Wednesday, October 8, 2008

Short Story: The Dead Man by Fritz Leiber

Another short story from The Frankenstein Omnibus edited by Peter Haining, The Dead Man by Fritz Leiber blows off ones mind. It is not scary in the sense of the word. Yet it speaks of an evil which is possible if we let it to.

A very famous doctor Max Redford calls one of his science writer friend, Fred Alexander to his clinic to show him something. There on the examination table lays a man who is very sick. Fred when asked says that person is suffering from TB. However, when he looks at the patient again, he seems to have bloated up and now suffers from heart disease or something like that. Yet, third time, he turns out to be a healthy specimen with no disease. That person turns out to be John Fearing, a neighbour of Max. John is one such person who can create all sorts of tangible symptoms of any disease, without the disease being present in any way. Not ordinary ailments but very serious ones. John's subconscious created all these. He had suffered becos of it. Max had recognised it and could get him out of it by hypnotism. He had a signal for John. Only using that John could snap out of it. Suddenly Max asks John to play dead and then after he goes into that death state, Max does not get him out of it and despite best efforts by other doctors, who do not know anything about John, he is presumed dead and is buried.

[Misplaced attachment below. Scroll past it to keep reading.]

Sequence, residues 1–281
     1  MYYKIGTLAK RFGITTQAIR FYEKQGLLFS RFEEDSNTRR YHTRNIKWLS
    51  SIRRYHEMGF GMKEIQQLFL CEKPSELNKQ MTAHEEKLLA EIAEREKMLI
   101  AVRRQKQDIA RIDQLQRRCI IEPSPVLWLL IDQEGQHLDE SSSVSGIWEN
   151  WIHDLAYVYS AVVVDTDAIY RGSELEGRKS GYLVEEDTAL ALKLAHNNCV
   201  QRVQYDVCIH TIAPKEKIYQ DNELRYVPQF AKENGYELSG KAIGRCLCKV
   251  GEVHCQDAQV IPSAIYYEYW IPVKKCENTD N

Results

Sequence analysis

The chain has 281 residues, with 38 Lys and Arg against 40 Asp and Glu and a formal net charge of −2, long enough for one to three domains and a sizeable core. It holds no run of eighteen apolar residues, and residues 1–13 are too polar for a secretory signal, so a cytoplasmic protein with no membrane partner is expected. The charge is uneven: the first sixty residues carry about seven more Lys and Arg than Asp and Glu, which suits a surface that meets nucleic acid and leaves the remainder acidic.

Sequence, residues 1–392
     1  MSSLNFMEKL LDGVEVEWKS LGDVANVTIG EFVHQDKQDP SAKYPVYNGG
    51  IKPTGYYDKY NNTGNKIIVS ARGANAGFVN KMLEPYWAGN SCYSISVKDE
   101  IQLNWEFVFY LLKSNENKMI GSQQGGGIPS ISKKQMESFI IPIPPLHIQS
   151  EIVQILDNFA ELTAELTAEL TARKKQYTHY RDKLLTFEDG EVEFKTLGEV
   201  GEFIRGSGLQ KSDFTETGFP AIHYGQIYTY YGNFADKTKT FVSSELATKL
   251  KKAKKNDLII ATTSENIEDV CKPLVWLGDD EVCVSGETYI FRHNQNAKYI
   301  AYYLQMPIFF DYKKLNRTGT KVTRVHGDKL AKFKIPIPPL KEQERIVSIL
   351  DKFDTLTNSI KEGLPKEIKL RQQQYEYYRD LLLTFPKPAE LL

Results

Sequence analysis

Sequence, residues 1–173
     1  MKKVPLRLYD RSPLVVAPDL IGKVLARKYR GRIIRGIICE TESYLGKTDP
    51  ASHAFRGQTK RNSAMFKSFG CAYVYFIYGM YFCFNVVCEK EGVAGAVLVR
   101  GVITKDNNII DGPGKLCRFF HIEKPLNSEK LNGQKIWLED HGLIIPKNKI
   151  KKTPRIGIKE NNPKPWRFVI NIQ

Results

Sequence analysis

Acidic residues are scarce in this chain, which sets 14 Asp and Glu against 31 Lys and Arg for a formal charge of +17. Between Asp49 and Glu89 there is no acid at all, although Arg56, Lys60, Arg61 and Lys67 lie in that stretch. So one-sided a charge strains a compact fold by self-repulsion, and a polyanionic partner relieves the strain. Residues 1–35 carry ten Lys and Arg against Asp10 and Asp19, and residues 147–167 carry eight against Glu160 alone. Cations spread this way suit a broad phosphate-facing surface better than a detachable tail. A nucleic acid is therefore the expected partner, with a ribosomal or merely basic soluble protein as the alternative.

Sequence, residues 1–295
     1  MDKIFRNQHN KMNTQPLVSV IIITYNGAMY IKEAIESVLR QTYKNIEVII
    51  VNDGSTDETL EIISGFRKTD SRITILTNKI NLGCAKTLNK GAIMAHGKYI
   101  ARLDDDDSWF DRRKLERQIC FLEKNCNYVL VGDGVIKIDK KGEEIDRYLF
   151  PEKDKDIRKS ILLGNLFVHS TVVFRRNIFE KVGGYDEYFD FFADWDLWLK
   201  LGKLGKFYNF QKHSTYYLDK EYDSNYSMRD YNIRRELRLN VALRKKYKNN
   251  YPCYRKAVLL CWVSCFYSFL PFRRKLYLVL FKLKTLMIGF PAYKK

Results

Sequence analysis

After a very long time Fred is again called by Max, this time to his home, where he meets a vey listless Velda. Fred had known John was in love with Velda, Max's beautiful wife. John is buried somewhere near their house. Velda goes away to bed. Max and Fred keep on talking. And Max raps the same signal he had used to get John out of Hypnotism. Everything happens so sudden. Velda screams from somewhere outsie. Both run out. When the police arrive, Max is dead, and Velda is found inside the vault where John is buried. Body of John is on top of Max, his hands clawing at Max's throat.

The question here is who is the monster? Max? John? Evil is all the more deadly, if it is done so clinically, with cool precision. And how dead are we when we die? What is death?